Charting Boko Haram’s Rapid Decline
After being declared the world’s deadliest terrorist organization in 2015, Boko Haram is a menace in retreat. As a whole, the conflict is on pace to claim about 3,500 lives in 2016, a third the number of lives lost in 2015 and the conflict’s lowest total since 2012. As illustrated in Figure 1, during the second quarter of 2016, the group was responsible for 244 killings, the lowest in close to five years.
A close look at the data, drawn from Johns Hopkins University’s Nigeria Social Violence Research Project, reveals four key factors behind Boko Haram’s decline: a failure to spread much beyond Nigeria’s extreme northeast, a loss of popular support, poor strategic thinking by the insurgents, and improved counterinsurgency operations. Though these factors have led to a decisive shift in momentum against the group, the conflict is far from over. Winning the war will require better regional coordination, the re-integration of former militants, and a systematic plan to re-build the northeast, where thousands are currently on the brink of starvation.
The Conflict Contained
Overall, the war on Boko Haram has claimed over 30,000 lives and displaced millions, making it among the deadliest insurgencies in contemporary Africa. Nevertheless, the insurgency could have been much worse and the scale of the violence pales in comparison to some other contemporary and past conflicts. The Syrian Civil War, the war between Sudan and South Sudan, the Rwandan genocide, and the wars in Liberia each claimed hundreds of thousands of lives. Even in terms of conflicts within Nigeria, Boko Haram is a distant second to the 1967 to 1970 Biafran Civil War, which claimed at least 500,000 lives.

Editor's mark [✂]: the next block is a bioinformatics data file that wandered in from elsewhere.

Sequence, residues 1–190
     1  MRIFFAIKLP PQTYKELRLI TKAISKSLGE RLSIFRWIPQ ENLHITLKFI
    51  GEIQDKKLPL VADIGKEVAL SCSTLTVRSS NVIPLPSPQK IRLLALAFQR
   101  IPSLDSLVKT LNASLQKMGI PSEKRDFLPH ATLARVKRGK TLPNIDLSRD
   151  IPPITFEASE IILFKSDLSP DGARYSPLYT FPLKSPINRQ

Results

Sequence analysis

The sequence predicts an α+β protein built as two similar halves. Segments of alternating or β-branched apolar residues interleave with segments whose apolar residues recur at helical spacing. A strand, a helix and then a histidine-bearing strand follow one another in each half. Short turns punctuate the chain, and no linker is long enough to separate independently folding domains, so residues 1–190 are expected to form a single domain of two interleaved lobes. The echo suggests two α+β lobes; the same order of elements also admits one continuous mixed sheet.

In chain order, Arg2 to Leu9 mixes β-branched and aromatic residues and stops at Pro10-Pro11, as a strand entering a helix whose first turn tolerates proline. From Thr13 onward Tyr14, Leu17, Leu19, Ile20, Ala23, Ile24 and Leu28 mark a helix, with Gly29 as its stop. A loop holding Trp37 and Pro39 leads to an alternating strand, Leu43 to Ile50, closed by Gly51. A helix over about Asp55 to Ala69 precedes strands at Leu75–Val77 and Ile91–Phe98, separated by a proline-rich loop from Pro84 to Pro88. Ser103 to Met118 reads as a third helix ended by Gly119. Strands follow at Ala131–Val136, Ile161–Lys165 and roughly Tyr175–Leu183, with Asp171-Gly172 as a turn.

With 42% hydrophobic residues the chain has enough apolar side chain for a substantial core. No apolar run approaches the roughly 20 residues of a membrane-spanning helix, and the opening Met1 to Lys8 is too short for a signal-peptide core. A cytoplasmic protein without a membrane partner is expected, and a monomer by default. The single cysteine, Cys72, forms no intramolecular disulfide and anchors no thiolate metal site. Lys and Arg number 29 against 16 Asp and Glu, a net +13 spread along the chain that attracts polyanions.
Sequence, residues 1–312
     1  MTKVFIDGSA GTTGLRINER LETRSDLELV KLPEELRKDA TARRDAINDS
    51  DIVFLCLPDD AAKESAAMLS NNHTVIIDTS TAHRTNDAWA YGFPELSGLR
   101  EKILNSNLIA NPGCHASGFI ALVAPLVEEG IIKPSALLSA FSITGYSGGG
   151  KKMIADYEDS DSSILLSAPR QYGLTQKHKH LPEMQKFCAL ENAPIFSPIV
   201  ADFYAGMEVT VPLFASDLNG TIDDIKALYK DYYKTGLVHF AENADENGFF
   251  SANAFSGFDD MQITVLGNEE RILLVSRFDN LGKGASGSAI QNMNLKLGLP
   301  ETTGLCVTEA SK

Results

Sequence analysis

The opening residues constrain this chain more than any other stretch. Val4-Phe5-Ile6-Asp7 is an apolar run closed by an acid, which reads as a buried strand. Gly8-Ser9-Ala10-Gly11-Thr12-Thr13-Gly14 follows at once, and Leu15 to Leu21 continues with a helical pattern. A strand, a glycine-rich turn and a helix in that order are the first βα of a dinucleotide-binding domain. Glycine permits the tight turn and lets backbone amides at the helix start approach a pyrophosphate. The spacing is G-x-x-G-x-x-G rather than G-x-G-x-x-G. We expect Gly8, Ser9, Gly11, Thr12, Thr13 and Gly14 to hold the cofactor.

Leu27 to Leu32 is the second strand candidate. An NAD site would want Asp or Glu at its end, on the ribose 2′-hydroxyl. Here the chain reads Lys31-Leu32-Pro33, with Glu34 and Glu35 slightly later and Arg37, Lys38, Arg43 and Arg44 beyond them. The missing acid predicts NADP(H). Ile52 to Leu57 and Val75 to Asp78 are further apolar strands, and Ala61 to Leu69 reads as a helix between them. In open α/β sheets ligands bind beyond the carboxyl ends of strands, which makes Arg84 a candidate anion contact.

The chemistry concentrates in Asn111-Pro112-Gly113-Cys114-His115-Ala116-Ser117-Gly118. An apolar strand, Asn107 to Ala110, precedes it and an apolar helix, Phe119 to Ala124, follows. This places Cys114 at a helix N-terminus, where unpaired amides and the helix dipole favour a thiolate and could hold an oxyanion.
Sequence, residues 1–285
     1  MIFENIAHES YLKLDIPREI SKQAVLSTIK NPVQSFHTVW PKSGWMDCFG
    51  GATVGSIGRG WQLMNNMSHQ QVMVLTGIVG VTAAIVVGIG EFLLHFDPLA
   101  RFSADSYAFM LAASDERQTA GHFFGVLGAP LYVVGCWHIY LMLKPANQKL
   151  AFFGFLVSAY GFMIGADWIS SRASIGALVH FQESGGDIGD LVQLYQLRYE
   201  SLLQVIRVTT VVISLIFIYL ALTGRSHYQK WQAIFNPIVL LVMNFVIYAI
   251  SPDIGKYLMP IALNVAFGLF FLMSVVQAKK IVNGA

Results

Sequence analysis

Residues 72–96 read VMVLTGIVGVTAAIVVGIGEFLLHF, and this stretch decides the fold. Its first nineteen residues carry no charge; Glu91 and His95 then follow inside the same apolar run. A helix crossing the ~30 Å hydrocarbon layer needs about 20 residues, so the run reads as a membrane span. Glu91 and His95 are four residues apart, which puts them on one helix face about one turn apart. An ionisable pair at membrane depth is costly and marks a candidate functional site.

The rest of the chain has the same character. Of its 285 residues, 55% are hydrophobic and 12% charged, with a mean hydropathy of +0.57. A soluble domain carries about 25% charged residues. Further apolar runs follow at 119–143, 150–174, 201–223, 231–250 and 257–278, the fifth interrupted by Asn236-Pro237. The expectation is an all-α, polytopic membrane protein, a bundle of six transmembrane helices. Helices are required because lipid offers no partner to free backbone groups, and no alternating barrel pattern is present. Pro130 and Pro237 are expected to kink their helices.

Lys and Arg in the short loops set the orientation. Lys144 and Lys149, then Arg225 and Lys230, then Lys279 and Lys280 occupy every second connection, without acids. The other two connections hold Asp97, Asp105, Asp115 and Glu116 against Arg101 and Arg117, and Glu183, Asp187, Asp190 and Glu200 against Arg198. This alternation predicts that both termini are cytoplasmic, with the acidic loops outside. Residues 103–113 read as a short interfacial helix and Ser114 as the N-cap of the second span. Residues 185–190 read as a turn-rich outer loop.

Though much has been made of Boko Haram’s spread into bordering countries, equally important is that nearly three-quarters (22,928) of Boko Haram related deaths have occurred in Borno State, which is home to only three percent of Nigeria’s population. The sect has utterly failed to gain a foothold across the rest of Nigeria, despite a history of tension between the roughly evenly populated Muslim-dominated north and Christian-dominated south. As the map below indicates, the death toll in Borno is nearly ten times that of any other state.
There may be a number of reasons for this. First, the group’s origins are found in the patronage network of the government of Borno State, where Boko Haram enjoyed financing and support from the state’s elite in exchange for a promise to implement Sharia. This led to a dense concentration of members and supporters in Borno before the insurgency began in 2009. It also likely led to an over-representation of the Borno-centered Kanuri ethnic group amongst its ranks, which may have made it difficult to actively recruit non-Kanuri members beyond Borno. In addition, infighting among the group’s leadership, which has led to splinter groups and made the group’s structure and leadership hard to pin down, may also have hindered the group’s expansion. Finally, the group’s turn towards increasingly brutal tactics that caused large civilian casualties, particularly among Muslims, may have led the group to be rejected by Nigeria’s broader Muslim community. Whatever the reason, Boko Haram’s failure to gain foot-soldiers, followers, and adherents in other parts of the country, despite its best efforts, has limited the reach, scale, and resiliency of the insurgency.
Loss of Popular Support
Boko Haram did not begin its campaign by indiscriminately attacking civilians. Between 2010 and 2013, most of the group’s targets were state security forces or cooperating officials and groups marked for assassination (see Figure 3). Yet, the group became steadily more brutal over time. As Figure 3 indicates, over three quarters of the incidents involving Boko Haram in 2014 and 2015 were aimed at civilians. Though the group’s massacres, suicide bombings, kidnappings, and executions may have succeeded in grabbing international headlines, they also helped turn the local population against it, enhancing their eagerness to cooperate with state forces.